We had planned to get there before the park opened at 2 p.m. We got there just as they were opening so we came close. We made our way to the parking lot and settled in line. We started to pass an aisle when I stopped to let the truck waiting come on out. He came out and motioned behind.

“There’s a parking spot down there is what he’s saying,” Cyndy said.

So I turned and, sure enough, there was an empty space. Things were starting on a good note. We knew we had limited time because we planned to be gone before dark, so we headed for the Texas Giant. As we waited in line we listened to televisions with the sound system turned up louder than necessary, playing things no one was paying attention to. You just couldn’t get away from the sound.                                                                                                          

While we talked and joked, I was thinking about the ride we were about to go on. I have never ridden a roller coaster bigger than the Runaway Mine Train, and there is a reason for that. I don’t have a fear of heights, but I do have a healthy respect for the distance to the ground. I have also never found it comfortable to feel as if I might be thrown through the air at any given moment.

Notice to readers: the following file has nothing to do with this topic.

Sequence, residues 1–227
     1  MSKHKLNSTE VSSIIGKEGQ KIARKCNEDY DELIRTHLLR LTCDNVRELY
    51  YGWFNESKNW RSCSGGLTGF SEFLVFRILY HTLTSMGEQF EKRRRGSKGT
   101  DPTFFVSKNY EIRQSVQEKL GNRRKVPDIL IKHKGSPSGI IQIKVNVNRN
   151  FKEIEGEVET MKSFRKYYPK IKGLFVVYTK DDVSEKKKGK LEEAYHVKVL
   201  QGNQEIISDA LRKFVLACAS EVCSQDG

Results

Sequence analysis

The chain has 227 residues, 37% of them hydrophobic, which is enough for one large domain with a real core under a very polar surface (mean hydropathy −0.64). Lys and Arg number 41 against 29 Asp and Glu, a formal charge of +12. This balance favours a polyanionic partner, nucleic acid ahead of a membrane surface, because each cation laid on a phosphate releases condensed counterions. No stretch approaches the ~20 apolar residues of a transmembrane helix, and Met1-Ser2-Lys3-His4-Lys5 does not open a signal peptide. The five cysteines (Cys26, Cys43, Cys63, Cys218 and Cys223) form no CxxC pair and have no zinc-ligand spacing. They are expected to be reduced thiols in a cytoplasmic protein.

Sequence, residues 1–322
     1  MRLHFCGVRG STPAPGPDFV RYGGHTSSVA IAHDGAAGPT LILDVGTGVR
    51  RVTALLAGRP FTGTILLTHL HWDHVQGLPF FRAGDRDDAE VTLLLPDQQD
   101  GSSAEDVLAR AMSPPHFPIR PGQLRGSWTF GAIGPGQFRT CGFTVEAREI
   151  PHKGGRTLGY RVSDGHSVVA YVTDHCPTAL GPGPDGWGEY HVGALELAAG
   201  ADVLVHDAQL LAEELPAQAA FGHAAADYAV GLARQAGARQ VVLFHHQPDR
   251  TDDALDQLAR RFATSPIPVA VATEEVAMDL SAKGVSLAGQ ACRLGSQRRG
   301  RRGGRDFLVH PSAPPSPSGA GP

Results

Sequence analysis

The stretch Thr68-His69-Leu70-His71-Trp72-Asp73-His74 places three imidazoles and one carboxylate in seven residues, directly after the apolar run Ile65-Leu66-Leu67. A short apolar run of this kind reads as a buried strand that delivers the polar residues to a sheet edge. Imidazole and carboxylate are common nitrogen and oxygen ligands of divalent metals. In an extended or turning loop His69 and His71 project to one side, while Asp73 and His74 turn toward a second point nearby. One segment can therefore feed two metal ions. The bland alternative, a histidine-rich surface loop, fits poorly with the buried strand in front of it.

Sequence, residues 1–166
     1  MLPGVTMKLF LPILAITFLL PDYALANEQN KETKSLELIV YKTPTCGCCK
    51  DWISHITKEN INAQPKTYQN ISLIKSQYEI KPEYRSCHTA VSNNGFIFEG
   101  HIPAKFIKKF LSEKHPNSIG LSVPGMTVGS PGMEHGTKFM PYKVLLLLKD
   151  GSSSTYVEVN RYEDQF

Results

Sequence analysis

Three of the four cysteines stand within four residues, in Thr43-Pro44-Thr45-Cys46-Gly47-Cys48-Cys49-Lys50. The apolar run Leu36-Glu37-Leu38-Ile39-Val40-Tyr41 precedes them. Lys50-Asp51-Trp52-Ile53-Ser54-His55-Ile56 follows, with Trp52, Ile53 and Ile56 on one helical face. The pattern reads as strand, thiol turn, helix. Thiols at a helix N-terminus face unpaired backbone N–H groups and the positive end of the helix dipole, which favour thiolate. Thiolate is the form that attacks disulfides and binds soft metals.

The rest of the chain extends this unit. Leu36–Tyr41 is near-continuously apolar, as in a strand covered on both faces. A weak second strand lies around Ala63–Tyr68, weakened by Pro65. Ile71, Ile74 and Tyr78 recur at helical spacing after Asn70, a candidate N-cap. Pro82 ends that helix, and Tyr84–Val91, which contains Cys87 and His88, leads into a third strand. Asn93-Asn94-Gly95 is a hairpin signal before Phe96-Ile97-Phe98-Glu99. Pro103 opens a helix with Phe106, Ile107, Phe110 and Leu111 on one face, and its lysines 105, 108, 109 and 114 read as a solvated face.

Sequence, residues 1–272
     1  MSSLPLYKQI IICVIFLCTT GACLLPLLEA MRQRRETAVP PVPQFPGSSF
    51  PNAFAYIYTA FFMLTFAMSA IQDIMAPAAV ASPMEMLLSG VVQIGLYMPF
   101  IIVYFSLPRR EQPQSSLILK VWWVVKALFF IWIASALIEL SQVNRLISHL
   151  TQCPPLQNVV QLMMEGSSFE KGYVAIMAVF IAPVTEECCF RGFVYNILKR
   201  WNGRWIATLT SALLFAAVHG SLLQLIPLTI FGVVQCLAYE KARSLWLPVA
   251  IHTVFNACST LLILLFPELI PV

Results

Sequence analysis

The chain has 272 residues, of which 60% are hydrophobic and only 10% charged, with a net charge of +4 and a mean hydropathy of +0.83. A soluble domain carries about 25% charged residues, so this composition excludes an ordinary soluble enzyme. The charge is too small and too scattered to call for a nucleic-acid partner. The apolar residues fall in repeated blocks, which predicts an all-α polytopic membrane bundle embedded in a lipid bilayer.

Kelley, being young and fearless, had none of my misgivings. She was ready to ride an “intense ride.” I could have just sat it out and waited for them at the end of the ride. I had that choice all the way up to the time we got in the seats. Kelley probably wouldn’t have cared. But I was not about to take anything away from her “intense” experience on the largest roller coaster she had ridden.

I believe Cyndy and Kelley got in the last seat of the last car in the chain. I got into the seat in front of them. No one got in beside me. Which was just as well. We headed out, going up the first upward incline. I looked out over the park and the surrounding area.

As we crept higher, I looked at the tracks and the people in front of me. At the top of the incline, and just before we began our descent, I heard Cyndy say “okay Kelley,” letting her know it was time to throw her arms up and scream – which they did a lot. After the ride, when we got out of the seats and headed for the exit, Cyndy said she thought it was fun, and Kelley said it was “awesome.” I was glad to be back on solid ground.

We had to exit through the gift shop – what else is new? There were employees behind a counter to sell pictures. We told one of them we were in the back car and she pulled it up on the screen. Kelley didn’t want a picture, but the employee gave Cyndy a card so we could buy it online.

Part of me wanted to get the picture. Another part of me didn’t. In it, Cyndy and Kelley are throwing up their hands and screaming. I have my eyes closed as tight as I could get them.

I did it. I went on an “intense” ride with my granddaughter and came out unscathed (albeit with my eyes closed). Which is a good thing. Because I will never do it again.

Keep writing the songs that are in your heart.

Peace be with you.